‘‘How to Tell a True War Story’’ first appeared in October 1987 in Esquire. It later came to hold a central position in Tim O’Brien’s book The Things They Carried, published in 1990. An interesting combination of recalled events and editorial commentary, the story received critical attention at its first publication. Indeed, nearly every reviewer and critic who treats O’Brien’s work singles out this story for special commentary. The story in many ways provides a map to the rest of The Things They Carried. By trying to characterize what constitutes a true war story, but never really achieving this feat, O’Brien introduces the most important themes of his book, including memory, imagination, epistemology (the study of the nature of knowledge), and truth. In addition, O’Brien uses the very technique he would later use in creating The Things They Carried, interspersing anecdotes and stories with commentary about the roles of fiction and storytelling. As D. J. R. Bruckner stated in the New York Times in an early review of The Things They Carried, ‘‘How to Tell a True War Story’’ is ‘‘at least as much about storytelling as about men at war.’’ Certainly, by having his fictional characters tell stories and then recant the truth of those stories, O’Brien calls into question the possibility of ever telling a true war story. The result of this technique is that the story is both fragmentary and cohesive: the stories within the larger framework are fragments held together by a narrative voice determined to ‘‘get it right.’’ Certainly, any student wishing to begin a study of Tim O’Brien would be well served to pay close attention to ‘‘How to Tell a True War Story.’’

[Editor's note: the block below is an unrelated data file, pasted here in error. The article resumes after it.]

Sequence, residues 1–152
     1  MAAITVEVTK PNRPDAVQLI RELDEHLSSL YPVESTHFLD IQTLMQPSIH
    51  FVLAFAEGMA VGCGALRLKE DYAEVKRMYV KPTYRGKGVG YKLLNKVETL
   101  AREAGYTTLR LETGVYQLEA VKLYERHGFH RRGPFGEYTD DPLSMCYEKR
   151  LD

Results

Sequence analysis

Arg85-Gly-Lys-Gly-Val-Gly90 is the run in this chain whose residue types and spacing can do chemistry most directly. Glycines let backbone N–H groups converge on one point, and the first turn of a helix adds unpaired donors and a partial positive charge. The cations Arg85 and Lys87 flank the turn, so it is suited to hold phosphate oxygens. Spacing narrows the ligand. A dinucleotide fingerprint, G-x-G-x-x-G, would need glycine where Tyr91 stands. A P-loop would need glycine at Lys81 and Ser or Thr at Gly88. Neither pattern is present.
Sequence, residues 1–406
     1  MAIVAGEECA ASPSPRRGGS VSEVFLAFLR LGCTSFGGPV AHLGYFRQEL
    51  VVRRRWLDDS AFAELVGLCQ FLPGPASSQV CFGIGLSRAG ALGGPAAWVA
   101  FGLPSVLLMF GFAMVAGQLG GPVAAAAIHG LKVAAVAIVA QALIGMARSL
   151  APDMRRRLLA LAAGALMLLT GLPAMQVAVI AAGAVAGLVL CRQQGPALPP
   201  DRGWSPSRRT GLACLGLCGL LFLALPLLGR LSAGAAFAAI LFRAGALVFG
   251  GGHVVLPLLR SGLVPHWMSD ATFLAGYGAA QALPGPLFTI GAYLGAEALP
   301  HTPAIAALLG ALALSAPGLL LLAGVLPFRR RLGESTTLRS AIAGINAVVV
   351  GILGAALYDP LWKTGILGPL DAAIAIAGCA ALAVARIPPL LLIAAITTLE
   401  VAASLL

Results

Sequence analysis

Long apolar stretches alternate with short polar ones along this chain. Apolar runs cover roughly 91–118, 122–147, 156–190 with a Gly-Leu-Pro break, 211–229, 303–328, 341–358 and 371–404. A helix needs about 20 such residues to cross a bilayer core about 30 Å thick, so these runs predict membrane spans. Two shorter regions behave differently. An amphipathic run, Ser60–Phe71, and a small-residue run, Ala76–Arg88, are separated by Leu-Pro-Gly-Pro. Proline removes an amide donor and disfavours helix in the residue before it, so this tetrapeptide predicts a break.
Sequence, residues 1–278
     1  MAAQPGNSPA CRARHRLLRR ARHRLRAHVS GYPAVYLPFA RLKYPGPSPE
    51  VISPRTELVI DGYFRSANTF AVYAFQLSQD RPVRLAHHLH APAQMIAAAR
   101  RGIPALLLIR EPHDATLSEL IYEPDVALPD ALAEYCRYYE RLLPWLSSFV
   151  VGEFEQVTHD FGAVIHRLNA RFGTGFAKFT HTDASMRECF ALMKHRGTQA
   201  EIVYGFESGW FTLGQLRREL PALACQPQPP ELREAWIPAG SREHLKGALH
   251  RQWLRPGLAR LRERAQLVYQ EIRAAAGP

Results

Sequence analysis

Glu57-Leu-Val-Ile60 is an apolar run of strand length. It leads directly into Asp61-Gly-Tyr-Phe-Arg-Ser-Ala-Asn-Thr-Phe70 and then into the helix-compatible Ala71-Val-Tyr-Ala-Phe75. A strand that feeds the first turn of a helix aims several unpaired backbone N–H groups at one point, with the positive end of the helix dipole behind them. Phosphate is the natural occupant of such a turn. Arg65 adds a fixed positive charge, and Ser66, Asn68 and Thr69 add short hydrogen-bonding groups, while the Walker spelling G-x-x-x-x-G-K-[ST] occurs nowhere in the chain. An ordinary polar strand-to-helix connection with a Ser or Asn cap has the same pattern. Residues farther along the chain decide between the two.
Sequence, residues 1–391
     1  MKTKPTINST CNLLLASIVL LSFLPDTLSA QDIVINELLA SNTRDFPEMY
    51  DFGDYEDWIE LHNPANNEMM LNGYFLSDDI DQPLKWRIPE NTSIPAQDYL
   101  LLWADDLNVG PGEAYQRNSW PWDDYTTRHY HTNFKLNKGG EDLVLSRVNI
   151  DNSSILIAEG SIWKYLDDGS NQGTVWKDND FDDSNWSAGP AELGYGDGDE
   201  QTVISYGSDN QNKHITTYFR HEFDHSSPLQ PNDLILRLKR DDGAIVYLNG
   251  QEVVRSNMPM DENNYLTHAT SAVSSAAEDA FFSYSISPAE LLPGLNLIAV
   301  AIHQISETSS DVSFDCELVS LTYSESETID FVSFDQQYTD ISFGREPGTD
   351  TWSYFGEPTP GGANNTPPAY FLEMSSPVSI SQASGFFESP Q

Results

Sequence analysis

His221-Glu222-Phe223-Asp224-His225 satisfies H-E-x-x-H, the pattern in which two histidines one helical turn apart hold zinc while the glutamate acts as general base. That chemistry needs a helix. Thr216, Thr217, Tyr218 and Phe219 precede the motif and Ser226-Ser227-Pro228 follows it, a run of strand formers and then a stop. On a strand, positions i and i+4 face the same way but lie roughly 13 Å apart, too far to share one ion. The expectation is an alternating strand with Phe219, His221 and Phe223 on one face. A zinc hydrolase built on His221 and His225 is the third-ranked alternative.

How to Tell a True War Story Summary
‘‘How to Tell a True War Story’’ is not a story in the traditional sense. It does not follow a straight, chronological path from start to finish. Rather, it is a collection of small stories interspersed with instructions about ‘‘true’’ war stories.
The story opens with the words, ‘‘This is true.’’ The narrator then goes on to tell the story of his friend Rat Kiley, who writes a letter to the sister of his buddy who had been killed a week earlier. It is a long, heartfelt letter. He waits for two months for a reply to the letter, but the sister never writes back.
The story then shifts to commentary. ‘‘A true war story is never moral,’’ the narrator instructs. The narrator asks the reader to ‘‘listen to Rat’’ as he spews obscenity, as, according to the narrator, a true war story is committed to ‘‘obscenity and evil.’’
In the next section, the narrator reveals that Curt Lemon is the buddy who was killed. Thus, this section actually occurred in time before the opening section. Curt and Rat are playing with smoke grenades when Curt trips a rigged 105 mm. artillery round. The narrator reports ‘‘It’s all exactly true.’’ The narrator provides a stunning visual description of Curt’s ascent into the trees as he is blown up.
Again the narration shifts to commentary. The narrator argues that it is difficult in true war stories to distinguish between what actually happened and what seemed to happen.
The narrator then suggests that ‘‘a true war story cannot be believed’’ and that sometimes it is simply impossible to even tell a true war story. He uses the example of a story told by Mitchell Sanders. Sanders recounts how a patrol of six men goes up into the mountains to establish a listening post. They are supposed to remain in the mountains for a week, absolutely silent. As the men listen, they begin to hear all kinds of weird noises. They hear music and voices. They hear a glee club and opera. Sanders says that the rocks are talking. Finally, the men become so frightened that they call in firepower and burn up the mountains. Throughout this story, Sanders insists that every word is true....
(The entire section is 899 words.)